Breeding frequency in Grey-headed Albatrosses Thalassarche chrysostoma
Although Grey-headed Albatrosses Thalassarche chrysostoma are usually regarded as biennial breeders, taking a year off following a successful breeding attempt, a small proportion of successful birds attempt to breed annually. This proportion was higher at Marion Island (5.4%) than at Bird Island, South Georgia (1.0%), suggesting that conditions are more favourable at Marion Island. This hypothesis is supported by higher average breeding success and shorter lags following both successful and failed breeding attempts at Marion Island. Factors favouring reproduction at Marion Island may include reduced intraspecific competition (given the much smaller breeding population) and/or more predictable food supply (owing to production of meso-scale eddies associated with the Indian Ocean Ridge). Although annual breeding appeared to increase the risk of adult mortality, with several birds that attempted to breed annually found dead the following year, at least some birds greatly enhanced their reproductive output, with one male raising five chicks in five successive years. Contrary to life-history theory, there was no evidence that older birds were more likely to attempt annual breeding because of declining reproductive value.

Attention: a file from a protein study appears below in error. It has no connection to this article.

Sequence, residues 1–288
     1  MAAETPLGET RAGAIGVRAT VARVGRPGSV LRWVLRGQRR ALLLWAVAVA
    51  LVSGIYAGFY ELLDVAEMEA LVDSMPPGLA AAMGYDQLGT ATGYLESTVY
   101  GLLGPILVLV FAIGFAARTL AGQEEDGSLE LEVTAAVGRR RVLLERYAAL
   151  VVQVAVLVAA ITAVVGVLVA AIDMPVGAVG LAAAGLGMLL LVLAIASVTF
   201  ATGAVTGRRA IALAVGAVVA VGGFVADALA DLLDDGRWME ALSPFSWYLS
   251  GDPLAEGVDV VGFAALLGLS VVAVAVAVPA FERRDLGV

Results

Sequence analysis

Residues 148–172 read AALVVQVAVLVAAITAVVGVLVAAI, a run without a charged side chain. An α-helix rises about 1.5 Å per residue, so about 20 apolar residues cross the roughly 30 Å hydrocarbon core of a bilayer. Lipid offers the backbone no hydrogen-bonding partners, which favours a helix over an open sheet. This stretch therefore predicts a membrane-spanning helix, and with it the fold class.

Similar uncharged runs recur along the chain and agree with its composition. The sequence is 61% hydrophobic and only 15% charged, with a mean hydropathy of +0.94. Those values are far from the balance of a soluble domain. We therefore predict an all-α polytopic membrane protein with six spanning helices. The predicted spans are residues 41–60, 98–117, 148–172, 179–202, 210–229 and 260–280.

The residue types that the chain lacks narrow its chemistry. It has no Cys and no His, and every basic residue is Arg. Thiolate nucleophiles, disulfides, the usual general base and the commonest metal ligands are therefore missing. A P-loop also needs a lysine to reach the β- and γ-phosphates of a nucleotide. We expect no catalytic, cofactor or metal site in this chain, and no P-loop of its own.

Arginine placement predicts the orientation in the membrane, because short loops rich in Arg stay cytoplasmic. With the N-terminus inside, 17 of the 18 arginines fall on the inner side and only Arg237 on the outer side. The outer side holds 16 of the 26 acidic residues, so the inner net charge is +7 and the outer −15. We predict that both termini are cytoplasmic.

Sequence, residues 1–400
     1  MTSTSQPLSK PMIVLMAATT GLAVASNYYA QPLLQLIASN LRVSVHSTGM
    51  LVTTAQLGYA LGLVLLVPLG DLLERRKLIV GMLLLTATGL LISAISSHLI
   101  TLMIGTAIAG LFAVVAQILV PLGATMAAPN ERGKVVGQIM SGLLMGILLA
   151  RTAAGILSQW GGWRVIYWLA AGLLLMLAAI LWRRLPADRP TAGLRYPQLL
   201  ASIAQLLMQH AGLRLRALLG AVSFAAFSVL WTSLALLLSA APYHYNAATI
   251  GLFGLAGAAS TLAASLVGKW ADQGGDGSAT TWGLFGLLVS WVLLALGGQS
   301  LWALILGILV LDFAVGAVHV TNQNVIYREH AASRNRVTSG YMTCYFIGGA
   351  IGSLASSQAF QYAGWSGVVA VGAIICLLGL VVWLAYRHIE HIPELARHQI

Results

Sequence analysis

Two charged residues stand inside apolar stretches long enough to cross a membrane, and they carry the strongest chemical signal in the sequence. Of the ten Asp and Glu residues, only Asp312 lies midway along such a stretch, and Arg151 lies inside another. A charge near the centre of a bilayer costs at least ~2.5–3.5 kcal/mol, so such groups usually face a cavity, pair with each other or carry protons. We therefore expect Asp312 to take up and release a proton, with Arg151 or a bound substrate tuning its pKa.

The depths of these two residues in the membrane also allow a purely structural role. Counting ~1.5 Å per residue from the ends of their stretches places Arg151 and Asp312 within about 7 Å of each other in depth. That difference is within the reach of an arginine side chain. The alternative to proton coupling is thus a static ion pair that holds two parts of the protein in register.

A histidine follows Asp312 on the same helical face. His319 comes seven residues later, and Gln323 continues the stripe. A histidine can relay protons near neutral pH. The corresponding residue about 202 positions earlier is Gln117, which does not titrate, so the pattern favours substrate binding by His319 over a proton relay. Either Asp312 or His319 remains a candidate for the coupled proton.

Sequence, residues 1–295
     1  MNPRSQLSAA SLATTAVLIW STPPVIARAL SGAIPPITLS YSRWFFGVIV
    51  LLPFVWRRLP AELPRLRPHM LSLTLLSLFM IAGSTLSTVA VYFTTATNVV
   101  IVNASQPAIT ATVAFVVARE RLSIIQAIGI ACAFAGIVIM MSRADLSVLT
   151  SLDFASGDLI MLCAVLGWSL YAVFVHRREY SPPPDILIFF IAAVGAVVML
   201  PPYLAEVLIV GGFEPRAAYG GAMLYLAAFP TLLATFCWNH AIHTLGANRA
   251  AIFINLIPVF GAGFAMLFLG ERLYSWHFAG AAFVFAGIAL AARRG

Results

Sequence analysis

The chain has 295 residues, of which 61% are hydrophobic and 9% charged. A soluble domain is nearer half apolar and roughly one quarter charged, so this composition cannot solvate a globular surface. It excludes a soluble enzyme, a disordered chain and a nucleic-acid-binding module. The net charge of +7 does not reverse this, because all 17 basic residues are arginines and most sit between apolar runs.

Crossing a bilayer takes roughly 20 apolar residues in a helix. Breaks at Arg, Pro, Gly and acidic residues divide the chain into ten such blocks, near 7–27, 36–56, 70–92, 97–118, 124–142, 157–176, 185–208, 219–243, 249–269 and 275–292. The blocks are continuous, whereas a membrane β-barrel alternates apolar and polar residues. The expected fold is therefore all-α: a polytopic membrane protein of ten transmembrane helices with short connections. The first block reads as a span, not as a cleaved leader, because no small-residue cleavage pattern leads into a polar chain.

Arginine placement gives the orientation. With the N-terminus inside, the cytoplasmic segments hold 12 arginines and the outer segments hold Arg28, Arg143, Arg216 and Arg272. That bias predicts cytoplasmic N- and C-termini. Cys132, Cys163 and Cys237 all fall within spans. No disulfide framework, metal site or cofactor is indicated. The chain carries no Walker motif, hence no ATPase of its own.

Authors: Ryan, Peter G., Phillips, Richard A., Nel, Deon C., Wood, Andrew J.